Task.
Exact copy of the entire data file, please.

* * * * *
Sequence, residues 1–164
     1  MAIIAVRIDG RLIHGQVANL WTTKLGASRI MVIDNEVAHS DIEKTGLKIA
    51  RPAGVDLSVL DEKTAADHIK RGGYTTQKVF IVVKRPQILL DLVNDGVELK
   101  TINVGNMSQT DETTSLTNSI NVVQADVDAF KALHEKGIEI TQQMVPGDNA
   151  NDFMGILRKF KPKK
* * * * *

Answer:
Sequence, residues 1–164
     1  MAIIAVRIDG RLIHGQVANL WTTKLGASRI MVIDNEVAHS DIEKTGLKIA
    51  RPAGVDLSVL DEKTAADHIK RGGYTTQKVF IVVKRPQILL DLVNDGVELK
   101  TINVGNMSQT DETTSLTNSI NVVQADVDAF KALHEKGIEI TQQMVPGDNA
   151  NDFMGILRKF KPKK